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wolfSSL SSL/TLS Support for NXP SE050

The wolfSSL lightweight SSL/TLS library and underlying wolfCrypt cryptography library have included support for the NXP SE050 module since November 2021. Since that time we have been increasing compatibility with SE050 along with usage of SCP03 (Secure Channel Protocol 03) authentication. To help users get started with TLS usage, we also have two example client applications available for use and reference.

wolfSSL TLS users can use the wolfSSL_CTX_use_PrivateKey_Id() API to instruct wolfSSL to use a private key located in the SE050 at a specific key ID. This would replace calls to wolfSSL_CTX_use_PrivateKey_file() or wolfSSL_CTX_use_PrivateKey_buffer(), giving applications enhanced security by allowing the private key to be stored (and optionally generated) inside the SE050 module.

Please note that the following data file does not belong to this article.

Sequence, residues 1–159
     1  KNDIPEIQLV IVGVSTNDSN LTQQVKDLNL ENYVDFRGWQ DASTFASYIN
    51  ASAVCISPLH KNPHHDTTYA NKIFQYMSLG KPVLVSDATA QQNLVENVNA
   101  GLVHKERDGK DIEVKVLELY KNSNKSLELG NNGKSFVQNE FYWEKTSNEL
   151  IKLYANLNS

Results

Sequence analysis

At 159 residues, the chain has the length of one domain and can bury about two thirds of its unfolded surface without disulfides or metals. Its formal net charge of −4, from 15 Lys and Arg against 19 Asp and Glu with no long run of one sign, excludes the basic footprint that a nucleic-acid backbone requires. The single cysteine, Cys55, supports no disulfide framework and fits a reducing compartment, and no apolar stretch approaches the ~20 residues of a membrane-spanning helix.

#include <wolfssl/ssl.h>
int wolfSSL_CTX_use_PrivateKey_Id(WOLFSSL_CTX* ctx, const unsigned char* id,
    long sz, int devId);

For access to wolfSSL_CTX_use_PrivateKey_Id(), wolfSSL needs to be compiled with WOLF_PRIVATE_KEY_ID defined. This can be passed through configure via CFLAGS, for example:

cd wolfssl-X.X.X
./configure <options> CFLAGS=”-DWOLF_PRIVATE_KEY_ID”
sudo make install

TLS Client Demos Using SE050

wolfSSL has two example SSL/TLS client applications that demonstrate how users can leverage SE050 underneath wolfSSL’s SSL/TLS implementation. These examples are set up to be easily run on a Raspberry Pi environment with attached NXP EdgeLock SE050 Development Kit.

Available examples are included in the “wolfssl-examples” GitHub repository under the SE050 subdirectory and include:

  1. wolfSSL SSL/TLS Client Example